By Nick Joy

Fish Farmer - - Contents - BY NICK JOY

IHEAR again and again, whether it be agri­cul­ture or aqua­cul­ture, that we can’t get staff who want to work in the coun­try or in an iso­lated area. It seems that peo­ple are be­ing taught from an early age that what they should re­ally want to do is sit in a dark room and stare mo­rosely into a com­puter screen un­til it is time to go home.

Sure, many pro­fes­sions are well paid and liv­ing in town of­fers the attraction of hav­ing ev­ery­thing on your doorstep, but when you start to think of the level of il­logic in­volved in the way things are it does beg­gar be­lief.

We have a ris­ing tide of un­hap­pi­ness and men­tal health is­sues, the cure for which - tak­ing it slower, less stress, more hob­bies, sun­light and ex­er­cise – of­ten lies in be­ing out­side.

More and more peo­ple are us­ing their week­ends to get out of town, and it seems mad to me to earn a larger salary just so that you can es­cape to the coun­try.

I un­der­stand that money gives you choice but if that choice comes at the ex­pense of your health and well­be­ing then it’s time to think again.

Why not spend the week do­ing ex­cit­ing things in the coun­try­side and do the dull and bor­ing stuff on the com­puter at the week­end? It just seems that the whole world is back to front.

Of course, the coun­try­side will not suit all peo­ple. My dear sis­ter adores London and feels she is be­ing tor­tured if she has to leave.

The coun­try­side does not need ev­ery­one, but we need peo­ple from a young age to see that qual­ity of life of­ten is far bet­ter than qual­ity of earn­ings. I am not ar­gu­ing for poor pay in ru­ral in­dus­tries, but un­til the gov­ern­ment and the pub­lic are will­ing to pay more for food, this is the way it is go­ing to be.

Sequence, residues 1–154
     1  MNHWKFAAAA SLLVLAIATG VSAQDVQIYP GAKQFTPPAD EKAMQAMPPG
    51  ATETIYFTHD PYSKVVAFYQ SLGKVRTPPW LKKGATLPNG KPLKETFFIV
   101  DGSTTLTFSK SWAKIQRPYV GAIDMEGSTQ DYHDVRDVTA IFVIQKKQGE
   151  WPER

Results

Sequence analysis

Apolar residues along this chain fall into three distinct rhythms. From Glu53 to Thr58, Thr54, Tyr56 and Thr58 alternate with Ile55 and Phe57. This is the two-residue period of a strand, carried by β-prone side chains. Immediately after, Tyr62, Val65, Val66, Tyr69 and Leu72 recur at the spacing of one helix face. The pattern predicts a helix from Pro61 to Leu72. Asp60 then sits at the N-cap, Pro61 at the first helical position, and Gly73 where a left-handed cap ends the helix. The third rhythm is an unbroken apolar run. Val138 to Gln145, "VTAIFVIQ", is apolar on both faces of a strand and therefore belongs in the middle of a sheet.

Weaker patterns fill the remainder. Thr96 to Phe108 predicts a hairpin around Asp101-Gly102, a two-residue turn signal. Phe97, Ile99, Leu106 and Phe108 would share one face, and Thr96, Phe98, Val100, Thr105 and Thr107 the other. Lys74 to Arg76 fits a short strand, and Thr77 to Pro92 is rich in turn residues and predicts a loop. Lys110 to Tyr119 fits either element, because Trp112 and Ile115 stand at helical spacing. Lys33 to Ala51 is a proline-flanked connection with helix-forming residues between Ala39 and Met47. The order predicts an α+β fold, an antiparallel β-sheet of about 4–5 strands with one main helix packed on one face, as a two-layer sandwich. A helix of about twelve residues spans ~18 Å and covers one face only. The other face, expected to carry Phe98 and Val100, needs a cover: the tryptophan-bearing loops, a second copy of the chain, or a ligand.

The prob­lem is that the pow­ers that be value aca­demic achieve­ment above the gen­er­ally lower paid and phys­i­cal ca­reer paths of food pro­duc­ers.

How many politi­cians, lawyers, doc­tors and so on do you know with­out a de­gree? How many teach­ers are go­ing to teach that higher learn­ing is not crit­i­cal to some­one’s suc­cess? The prag­matic peo­ple in the coun­try­side are very rarely rep­re­sented in or to gov­ern­ment.

When I was young (off I go again) we were taught wood­work, ba­sic pipework, electrics and iron work, and we left school think­ing that this was what we needed to know in or­der to get on in the world.

It is time th­ese skills were brought back into the cur­ricu­lum, start­ing in pri­mary school.The in­ten­tion should be that ev­ery child ac­quires a ba­sic un­der­stand­ing of how to work with their hands be­fore leav­ing se­condary ed­u­ca­tion. Even if that child does not want to have a ca­reer us­ing their hands, at least they will have re­spect for the peo­ple who do.

It does seem a long way ahead to start talk­ing about our in­dus­tries to pri­mary schools but we have a long-term prob­lem.

If we don’t start to talk to our fu­ture staff at a very early age and lobby gov­ern­ment to teach them the bal­ance be­tween man­ual skills and

The gov­ern­ment has un­der­stood the need for en­gi­neers and though they do not un­der­stand the coun­try­side, they are be­gin­ning to un­der­stand that we need food.

Scot­land de­pends on its food and drink sec­tor more than most coun­tries and maybe it is time for Scot­land to stand out in this area.

We are renowned his­tor­i­cally for our aca­demics and busi­ness peo­ple, and now we should con­cen­trate on be­com­ing a coun­try where be­ing a food pro­ducer is seen as the prov­ince of the high achiever.

So let’s talk with educators, badger gov­ern­ment and ad­vo­cate our ca­reers. Let’s not try against us, but change it and change peo­ple’s mind­sets.

I have had a ca­reer of well over 30 years in this in­dus­try and loved ev­ery mo­ment. As I grew older, my abil­i­ties at sea waned but my ex­pe­ri­ence of­fered me bal­ance and I moved into man­age­ment.

This path is rare nowa­days, es­pe­cially for some­one with­out a de­gree. Let’s make it eas­ier for the next gen­er­a­tions to have fun and ex­cite­ment in a fan­tas­tic en­vi­ron­ment! I hate the thought of no one in the fu­ture hav­ing the sort of ca­reer I have had.

Be­ing a food pro­ducer should be seen as the prov­ince of the high achiever

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